Because The Odds Have Never Met YOU

by

Anyone can succeed.

The online revolution has certainly made starting a business or blazing your own path easier.

But make no mistake about it, just because you can nab a url, post a blog and secure an LLC before your Seamless order gets to your house doesn’t mean that success is going to be easy.

Your blazed path might end up 3 feet long, extinguished in a tangled web of mangroves.

In fact, the odds say it will likely be so, and it will be mostly be due to our own incompetence.

 

Success vs. Happiness

And then for the people who have reached some form of greatness, it gets even worse. Success doesn’t guarantee happiness.

It’s like there is a tradeoff that has to happen somewhere. You can’t be great at what you do and have been completely happy along the way. Look at the artists who fight depression, or those who cut their ears off.

It’s known that the guys who were on Apollo 11 suffered from depression during their lives because the greatest thing they’d ever done already happened.

Charles Lindbergh was perhaps the most famous man ever (and no this is not an exaggeration) after he flew from New York to Paris but he was in misery when he was hounded by the crowds, the accolades and the appearances.

Even for those who win millions from the lottery are actually less happy!

Forget about likes and dislikes. They are of no consequence. Just do what must be done. This may not be happiness, but it is greatness. – George Bernard Shaw

Just to taste the bone marrow of success you have to deal with a whole bunch of people telling you you don’t know enough (you probably don’t) and that it probably won’t work out (it probably won’t), and even if you do succeed, you might be less happy than if you just never rocked the boat in the first place.

So why do we do it when the math and the logic stacks up against us?

“Because the odds have never met me.”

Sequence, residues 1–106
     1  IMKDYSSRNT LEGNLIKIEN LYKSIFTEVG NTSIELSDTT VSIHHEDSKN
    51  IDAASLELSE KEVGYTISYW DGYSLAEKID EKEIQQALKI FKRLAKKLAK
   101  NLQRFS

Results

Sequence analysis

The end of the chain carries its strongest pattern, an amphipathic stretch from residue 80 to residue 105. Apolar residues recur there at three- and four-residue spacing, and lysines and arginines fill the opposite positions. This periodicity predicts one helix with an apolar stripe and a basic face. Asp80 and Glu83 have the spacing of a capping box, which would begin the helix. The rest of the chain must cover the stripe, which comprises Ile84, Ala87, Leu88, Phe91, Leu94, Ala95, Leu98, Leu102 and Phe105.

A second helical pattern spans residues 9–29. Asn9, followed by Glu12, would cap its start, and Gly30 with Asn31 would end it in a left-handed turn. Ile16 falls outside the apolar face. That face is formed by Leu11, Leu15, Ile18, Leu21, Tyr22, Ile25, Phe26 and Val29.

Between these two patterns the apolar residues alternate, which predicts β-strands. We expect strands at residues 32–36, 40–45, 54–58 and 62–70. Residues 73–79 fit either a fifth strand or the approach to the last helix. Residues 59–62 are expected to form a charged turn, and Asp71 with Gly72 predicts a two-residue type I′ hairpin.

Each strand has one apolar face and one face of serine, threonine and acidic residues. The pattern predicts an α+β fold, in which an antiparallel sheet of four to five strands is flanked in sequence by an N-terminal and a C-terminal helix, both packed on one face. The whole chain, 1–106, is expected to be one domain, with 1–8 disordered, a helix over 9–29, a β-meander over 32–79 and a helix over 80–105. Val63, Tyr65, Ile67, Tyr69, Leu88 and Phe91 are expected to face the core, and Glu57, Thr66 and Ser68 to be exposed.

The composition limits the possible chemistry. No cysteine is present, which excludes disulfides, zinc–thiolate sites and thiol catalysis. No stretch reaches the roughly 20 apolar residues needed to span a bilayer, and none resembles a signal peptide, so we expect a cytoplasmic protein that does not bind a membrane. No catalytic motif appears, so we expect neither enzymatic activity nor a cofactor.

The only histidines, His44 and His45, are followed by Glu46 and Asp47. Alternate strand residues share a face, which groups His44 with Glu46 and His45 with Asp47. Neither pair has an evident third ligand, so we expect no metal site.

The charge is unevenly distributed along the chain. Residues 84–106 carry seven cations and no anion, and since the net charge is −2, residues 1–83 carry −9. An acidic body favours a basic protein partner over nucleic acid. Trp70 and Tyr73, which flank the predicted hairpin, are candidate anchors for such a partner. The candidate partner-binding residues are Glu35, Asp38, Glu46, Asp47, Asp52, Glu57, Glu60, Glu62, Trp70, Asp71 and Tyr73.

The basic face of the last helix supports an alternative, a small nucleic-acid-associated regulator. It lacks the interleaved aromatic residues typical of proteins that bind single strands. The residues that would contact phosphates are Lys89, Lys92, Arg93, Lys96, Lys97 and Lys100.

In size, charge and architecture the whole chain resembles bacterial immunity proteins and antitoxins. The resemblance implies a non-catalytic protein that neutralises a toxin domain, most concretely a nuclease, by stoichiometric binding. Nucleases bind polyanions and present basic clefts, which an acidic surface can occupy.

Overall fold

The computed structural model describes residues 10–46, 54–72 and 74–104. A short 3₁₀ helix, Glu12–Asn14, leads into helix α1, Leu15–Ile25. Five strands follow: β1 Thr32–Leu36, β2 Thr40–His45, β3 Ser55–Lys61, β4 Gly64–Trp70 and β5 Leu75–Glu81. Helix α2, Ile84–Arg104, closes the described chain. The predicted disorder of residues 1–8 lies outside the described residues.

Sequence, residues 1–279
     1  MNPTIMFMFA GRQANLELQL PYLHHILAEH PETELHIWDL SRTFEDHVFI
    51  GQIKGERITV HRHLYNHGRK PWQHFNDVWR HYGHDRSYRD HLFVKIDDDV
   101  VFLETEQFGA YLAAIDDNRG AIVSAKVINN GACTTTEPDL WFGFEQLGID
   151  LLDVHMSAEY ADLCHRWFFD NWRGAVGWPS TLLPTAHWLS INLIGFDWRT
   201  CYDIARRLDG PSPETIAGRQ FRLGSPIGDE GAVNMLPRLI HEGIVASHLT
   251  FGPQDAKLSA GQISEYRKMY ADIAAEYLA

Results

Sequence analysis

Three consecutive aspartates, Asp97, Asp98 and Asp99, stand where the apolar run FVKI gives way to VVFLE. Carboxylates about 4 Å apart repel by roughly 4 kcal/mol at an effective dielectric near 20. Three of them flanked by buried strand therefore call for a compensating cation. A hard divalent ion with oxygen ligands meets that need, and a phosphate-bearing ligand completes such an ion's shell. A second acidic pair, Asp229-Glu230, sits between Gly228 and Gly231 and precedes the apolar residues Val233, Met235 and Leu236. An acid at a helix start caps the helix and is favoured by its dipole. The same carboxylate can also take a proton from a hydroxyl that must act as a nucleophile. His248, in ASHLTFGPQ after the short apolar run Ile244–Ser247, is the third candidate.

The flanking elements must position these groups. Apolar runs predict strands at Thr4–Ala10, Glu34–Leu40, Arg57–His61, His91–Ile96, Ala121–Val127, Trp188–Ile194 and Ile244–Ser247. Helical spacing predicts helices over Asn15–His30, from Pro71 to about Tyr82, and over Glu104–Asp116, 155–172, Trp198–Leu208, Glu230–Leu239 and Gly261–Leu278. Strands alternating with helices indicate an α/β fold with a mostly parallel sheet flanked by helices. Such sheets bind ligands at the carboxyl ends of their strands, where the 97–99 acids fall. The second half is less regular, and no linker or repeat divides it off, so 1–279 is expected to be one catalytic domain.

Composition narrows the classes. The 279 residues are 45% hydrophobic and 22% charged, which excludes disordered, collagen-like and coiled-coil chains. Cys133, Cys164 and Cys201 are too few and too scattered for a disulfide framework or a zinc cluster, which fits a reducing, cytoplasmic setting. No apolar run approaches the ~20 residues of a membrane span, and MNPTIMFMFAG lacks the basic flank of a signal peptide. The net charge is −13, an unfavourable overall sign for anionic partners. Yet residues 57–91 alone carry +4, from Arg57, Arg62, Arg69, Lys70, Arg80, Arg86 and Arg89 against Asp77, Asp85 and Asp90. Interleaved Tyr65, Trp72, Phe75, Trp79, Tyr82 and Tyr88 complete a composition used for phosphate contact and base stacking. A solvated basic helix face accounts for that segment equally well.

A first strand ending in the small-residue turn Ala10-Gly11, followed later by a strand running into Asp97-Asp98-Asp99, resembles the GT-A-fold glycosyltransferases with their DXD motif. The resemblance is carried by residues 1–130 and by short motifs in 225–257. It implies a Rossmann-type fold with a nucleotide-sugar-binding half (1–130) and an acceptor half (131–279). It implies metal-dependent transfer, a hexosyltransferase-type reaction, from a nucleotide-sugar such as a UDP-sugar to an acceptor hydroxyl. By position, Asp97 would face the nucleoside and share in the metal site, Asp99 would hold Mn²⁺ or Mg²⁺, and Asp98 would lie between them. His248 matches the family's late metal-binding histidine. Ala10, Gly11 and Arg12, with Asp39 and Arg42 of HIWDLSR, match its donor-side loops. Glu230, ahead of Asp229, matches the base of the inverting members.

As an engineer by schooling and a student of logic, it pains me to say it but there is a downside to being rational.

We’re not interested in the reality about ourselves, we’re interested in what we believe is true about ourselves. It’s called the self-enhancement bias.

From this Brainpickings post citing the book You Are Now Less Dumb:

the self-enhancement bias — our systematic tendency to forgo rational evaluation of our own merits and abilities in favor of unrealistic attitudes that keep our ego properly inflated as to avoid sinking into the depths of despair.

It’s why we tell ourselves that things happen for a reason.
It’s why we believe our relationships are going to work.
It’s why we believe our idea is going to work.
It’s why we believe that there is a heaven.
It’s why we believe we’re better than the average bear.

Without our rose-colored glasses, we’d be blinded by life.

The more realistic you see the world, the worse off you do.

Your wildly inaccurate self-evaluations get you through rough times and help motivate you when times are good. [Research shows] that people who are brutally honest with themselves are not as happy day to day as people with unrealistic assumptions about their abilities.

You might want to read that again.

Researchers conducted a survey of more than 25,000 people ages 18–75 and found that the majority rated their own attractiveness as about a seven out of ten. This suggests that the average person thinks he is a little better looking than the average person. About a third of the people under 30 rated themselves as somewhere around a nine. You don’t have to be a mathematician to see a major problem here.

“Morale is nothing more than a cluster of positive illusions” and morale is the thing you need to keep you on the up if you’re going to get through the downs.

The general speculation is that over the last few million years, the primates who survived long enough to become your grandparents were the ones who didn’t give up when all hope was lost. The desire to see yourself as better than average and more competent, skilled, intelligent, and beautiful than you truly are is likely embedded in your psyche as a by-product of millions of years of forging ahead against the same odds of survival that have erased 99 percent of all species that once roamed this planet.

Success is had by those crazy enough to think they can get it. The only problem is that in order for any of us to get it, a whole lot of us won’t because there’s not enough room for everyone and because we overestimated our capabilities or our knowledge.

But one thing is sure as eggs is eggs, none of us will get it if we quit when logic says we should.

And so we start our blogs, our yoga training, our coaching practices, our businesses, our books, and our side hustles. Because maybe, just maybe we’re going to be the ones to succeed.

In fact, we’re sure of it.